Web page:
Well, not really failed, since every result is a result. I just found a way how this does not work. Two in fact.
Okay, what’s this about?
Oona Räisänen challenged her readers to construct a whistle that could transmit data using FSK.
So, I thought about replacing the pea in a pea whistle with a magnet, and then using an electromagnet outside the whistle to slow down (or stop) the pea’s movement during whistling. Since the pea modulates the whistles sound by blocking the “air exit” of the whistle when moving past it, slowing the pea down for a couple of revolutions should frequency modulate the whistle.
So, I printed a couple of pea whistles (as designed by Saggo) and replaced the peas during print:
I tried both whistles and an unmodified one. They are quite loud, but the magnet pea is too heavy too move with the airflow.
The aluminium foil one does work. However it is hard to compare the sound with/without a magnet next to it, because whistling for more then 4 seconds on these things is challenging. (Nobody has lungs that big, and if you save air the pea won’t move)
I use a magnet salvaged from a disk drive, because it is the strongest magnet I have. If it does not affect the pea, nothing sensible will. Later this magnet could be replaced by an electromagnet, that’s switched on or off to transmit a 1 or a 0. (So for a 1, slow down the pea for a couple 100 milliseconds, for a 0, do nothing.) (However it would need to be a really strong electromagnet. The few loops of wire in the first picture are not going to cut it)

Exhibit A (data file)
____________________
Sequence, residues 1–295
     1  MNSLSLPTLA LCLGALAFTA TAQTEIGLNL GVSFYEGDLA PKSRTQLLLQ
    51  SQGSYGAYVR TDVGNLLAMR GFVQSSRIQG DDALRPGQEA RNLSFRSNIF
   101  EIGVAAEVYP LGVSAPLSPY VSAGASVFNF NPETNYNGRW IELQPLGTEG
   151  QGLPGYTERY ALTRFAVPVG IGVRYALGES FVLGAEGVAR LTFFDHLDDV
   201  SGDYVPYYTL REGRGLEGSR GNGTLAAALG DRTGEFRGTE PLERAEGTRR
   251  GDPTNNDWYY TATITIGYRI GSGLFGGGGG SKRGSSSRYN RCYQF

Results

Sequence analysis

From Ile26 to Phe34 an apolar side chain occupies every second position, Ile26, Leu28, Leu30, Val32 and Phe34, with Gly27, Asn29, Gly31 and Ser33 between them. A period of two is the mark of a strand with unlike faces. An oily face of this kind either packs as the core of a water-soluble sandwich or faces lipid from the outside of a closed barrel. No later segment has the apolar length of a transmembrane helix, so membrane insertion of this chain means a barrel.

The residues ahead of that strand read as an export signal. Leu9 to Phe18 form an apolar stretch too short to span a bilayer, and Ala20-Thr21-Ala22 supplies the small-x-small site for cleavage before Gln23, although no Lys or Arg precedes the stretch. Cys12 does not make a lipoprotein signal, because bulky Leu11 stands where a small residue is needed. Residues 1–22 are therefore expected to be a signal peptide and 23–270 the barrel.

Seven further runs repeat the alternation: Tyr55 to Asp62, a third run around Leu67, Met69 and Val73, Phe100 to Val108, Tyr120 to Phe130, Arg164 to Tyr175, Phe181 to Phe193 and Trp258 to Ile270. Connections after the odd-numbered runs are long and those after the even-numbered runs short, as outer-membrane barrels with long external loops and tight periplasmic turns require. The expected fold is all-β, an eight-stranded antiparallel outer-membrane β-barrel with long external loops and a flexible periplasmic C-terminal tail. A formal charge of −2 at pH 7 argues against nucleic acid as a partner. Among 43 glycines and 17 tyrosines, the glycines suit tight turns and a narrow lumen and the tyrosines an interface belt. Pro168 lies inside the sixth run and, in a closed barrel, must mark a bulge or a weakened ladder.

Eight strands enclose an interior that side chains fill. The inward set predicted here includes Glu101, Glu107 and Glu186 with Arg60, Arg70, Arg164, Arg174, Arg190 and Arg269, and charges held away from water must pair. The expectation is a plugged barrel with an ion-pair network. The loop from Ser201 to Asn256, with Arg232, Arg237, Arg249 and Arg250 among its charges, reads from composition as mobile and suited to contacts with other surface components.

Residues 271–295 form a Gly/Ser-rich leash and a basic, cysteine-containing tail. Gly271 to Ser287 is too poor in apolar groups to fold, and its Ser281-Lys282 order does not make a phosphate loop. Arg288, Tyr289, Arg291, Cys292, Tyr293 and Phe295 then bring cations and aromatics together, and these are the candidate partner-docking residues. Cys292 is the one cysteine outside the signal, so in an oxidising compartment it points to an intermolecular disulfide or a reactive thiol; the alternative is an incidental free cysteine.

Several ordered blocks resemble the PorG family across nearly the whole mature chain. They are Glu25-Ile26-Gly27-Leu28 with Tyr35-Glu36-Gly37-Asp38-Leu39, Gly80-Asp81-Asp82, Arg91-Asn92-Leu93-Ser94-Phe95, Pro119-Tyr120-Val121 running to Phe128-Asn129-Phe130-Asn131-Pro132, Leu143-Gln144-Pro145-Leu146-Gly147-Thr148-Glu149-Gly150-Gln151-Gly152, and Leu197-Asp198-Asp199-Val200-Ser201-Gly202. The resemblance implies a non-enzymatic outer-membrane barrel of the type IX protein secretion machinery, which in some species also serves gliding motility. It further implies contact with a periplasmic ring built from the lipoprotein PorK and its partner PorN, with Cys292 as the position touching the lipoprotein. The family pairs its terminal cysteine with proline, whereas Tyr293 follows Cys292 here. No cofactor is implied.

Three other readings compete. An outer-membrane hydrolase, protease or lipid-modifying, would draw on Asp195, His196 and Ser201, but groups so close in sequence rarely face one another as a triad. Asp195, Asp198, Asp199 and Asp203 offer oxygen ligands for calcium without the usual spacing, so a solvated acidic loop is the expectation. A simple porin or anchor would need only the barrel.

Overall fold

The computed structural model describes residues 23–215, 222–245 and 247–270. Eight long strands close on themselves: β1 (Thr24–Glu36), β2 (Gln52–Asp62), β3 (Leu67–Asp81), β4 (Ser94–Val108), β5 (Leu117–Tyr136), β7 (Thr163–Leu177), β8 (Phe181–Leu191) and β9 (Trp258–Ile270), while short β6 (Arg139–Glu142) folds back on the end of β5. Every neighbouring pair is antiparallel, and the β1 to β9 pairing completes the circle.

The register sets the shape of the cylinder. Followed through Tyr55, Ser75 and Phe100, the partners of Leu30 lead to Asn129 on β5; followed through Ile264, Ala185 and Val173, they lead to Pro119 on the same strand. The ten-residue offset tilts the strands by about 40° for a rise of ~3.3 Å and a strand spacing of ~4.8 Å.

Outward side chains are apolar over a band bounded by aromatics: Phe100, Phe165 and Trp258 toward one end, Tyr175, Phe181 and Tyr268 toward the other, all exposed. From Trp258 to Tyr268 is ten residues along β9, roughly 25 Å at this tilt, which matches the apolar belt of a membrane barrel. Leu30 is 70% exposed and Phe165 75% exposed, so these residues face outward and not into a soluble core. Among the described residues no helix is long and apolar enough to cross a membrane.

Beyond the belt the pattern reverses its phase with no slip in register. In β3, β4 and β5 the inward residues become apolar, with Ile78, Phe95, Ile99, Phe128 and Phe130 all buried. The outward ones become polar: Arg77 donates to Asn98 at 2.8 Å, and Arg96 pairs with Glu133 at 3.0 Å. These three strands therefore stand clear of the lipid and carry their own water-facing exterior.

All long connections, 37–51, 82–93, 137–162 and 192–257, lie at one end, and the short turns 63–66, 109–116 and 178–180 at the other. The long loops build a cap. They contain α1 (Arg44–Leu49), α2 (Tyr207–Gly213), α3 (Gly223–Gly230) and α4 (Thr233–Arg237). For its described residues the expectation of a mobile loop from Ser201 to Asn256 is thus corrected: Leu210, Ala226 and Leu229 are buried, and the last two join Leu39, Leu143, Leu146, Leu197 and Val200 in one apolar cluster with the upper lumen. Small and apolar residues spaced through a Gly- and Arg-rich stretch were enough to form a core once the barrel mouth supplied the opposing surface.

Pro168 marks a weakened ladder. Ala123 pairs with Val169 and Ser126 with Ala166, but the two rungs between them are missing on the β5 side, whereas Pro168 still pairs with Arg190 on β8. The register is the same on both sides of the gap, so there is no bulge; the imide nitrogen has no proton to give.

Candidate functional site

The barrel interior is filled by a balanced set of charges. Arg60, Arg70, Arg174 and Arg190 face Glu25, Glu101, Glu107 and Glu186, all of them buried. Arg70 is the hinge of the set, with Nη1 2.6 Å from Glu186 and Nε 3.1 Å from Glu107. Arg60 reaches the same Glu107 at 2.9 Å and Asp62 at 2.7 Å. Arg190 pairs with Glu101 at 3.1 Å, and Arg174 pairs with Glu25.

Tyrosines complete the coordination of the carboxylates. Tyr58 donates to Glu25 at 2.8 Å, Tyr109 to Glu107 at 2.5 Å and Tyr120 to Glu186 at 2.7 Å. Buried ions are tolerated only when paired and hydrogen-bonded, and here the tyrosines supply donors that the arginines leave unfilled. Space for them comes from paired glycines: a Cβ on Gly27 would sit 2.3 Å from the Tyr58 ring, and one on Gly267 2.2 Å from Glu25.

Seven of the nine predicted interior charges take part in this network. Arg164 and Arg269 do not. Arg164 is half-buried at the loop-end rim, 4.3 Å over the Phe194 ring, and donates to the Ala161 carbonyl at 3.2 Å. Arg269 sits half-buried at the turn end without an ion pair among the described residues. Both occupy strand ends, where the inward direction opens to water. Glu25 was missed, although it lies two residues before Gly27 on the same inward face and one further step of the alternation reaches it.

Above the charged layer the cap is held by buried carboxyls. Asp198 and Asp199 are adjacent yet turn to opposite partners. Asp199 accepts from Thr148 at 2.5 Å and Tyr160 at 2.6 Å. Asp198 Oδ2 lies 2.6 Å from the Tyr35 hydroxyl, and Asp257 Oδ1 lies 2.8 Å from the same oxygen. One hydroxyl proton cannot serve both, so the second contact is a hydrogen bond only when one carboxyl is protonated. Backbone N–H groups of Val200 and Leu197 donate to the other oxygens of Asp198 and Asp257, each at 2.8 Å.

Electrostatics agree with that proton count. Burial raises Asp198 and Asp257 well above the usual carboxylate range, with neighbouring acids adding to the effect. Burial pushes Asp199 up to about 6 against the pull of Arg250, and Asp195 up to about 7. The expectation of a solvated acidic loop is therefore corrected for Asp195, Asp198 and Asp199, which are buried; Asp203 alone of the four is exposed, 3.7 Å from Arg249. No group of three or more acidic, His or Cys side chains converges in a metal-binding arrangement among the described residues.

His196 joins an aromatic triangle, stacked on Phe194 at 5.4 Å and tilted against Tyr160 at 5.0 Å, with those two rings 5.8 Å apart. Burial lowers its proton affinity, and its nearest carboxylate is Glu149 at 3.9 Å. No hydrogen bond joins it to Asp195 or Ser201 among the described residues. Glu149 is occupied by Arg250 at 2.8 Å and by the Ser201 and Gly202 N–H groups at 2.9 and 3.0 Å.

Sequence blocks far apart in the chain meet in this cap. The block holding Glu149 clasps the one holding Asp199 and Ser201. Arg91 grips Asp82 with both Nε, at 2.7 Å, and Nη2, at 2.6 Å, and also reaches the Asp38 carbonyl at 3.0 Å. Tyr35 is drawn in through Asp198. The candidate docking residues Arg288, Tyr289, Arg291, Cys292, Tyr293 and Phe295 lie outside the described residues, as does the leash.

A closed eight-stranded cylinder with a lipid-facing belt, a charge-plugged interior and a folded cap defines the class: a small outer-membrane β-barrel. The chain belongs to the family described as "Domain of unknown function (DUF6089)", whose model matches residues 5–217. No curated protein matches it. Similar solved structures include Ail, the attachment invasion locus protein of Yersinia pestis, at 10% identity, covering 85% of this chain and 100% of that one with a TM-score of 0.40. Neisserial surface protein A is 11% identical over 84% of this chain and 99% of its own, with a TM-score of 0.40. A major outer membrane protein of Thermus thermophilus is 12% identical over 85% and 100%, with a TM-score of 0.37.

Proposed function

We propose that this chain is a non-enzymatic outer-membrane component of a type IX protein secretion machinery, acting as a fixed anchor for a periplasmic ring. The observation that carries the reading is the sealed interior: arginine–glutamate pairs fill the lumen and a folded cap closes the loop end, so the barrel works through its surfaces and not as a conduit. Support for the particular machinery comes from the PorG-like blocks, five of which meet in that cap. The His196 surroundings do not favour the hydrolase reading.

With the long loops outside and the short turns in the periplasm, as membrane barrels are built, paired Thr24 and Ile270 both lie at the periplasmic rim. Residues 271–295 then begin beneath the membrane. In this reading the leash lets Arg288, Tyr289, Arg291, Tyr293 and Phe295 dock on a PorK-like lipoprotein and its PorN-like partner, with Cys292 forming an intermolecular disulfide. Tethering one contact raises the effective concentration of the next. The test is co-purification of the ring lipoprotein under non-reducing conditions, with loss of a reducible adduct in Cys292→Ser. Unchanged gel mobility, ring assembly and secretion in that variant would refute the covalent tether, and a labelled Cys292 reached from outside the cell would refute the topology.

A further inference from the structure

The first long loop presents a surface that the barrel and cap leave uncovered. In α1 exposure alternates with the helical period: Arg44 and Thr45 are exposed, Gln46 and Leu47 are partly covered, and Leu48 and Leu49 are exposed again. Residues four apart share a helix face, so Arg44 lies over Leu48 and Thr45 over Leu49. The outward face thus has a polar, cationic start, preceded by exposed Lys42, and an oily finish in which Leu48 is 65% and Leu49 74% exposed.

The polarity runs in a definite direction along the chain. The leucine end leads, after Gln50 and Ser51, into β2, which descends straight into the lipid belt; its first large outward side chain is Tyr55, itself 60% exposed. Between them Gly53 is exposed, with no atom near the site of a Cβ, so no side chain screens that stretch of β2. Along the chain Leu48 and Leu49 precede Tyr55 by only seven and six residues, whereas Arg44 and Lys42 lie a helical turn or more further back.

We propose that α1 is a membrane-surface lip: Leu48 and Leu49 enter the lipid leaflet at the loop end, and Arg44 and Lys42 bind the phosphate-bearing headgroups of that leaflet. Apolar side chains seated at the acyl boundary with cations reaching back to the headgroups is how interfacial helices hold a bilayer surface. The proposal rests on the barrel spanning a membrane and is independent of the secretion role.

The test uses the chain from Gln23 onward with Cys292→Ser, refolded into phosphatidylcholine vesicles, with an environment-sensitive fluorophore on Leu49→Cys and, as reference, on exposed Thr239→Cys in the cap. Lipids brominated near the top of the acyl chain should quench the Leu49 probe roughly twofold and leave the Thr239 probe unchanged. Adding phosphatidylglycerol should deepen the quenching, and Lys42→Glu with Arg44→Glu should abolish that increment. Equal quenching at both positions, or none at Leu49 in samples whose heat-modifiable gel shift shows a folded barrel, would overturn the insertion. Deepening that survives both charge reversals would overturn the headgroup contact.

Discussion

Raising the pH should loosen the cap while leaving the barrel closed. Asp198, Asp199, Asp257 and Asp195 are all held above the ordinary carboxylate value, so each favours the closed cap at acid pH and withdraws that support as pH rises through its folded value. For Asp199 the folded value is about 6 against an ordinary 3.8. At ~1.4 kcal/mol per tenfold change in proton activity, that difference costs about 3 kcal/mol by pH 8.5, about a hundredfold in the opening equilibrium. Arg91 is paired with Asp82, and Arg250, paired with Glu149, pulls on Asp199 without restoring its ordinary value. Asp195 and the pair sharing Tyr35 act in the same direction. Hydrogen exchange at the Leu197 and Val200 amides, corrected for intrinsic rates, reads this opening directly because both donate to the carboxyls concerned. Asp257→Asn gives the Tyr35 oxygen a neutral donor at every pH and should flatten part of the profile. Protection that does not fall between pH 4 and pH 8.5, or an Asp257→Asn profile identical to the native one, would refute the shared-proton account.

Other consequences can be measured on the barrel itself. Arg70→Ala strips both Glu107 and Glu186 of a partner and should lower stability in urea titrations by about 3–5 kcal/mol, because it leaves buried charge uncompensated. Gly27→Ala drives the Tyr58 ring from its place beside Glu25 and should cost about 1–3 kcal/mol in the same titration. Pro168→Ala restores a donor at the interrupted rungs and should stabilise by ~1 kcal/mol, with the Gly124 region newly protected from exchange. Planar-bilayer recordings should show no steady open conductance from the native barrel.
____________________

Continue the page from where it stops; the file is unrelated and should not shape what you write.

This drowns out the sound of the whistle, but by filming trough the mouthpiece I can see the pea and theoretically count how often it passes by in a set number of frames. And compare results with/without magnet. (Yes, those are my knees. I needed my hands to hold the camera and the magnet)
I have not counted frame by frame, but the magnet does not seem to have much of an effect. As there is no way that with a few windings of copper wire and some moderate current I get the same magnetic field as with the magnet I am using, so short of whistling in an MRI scanner this idea can be scrapped also.
What’s next? A two-tone whistle with solenoid-operated valves?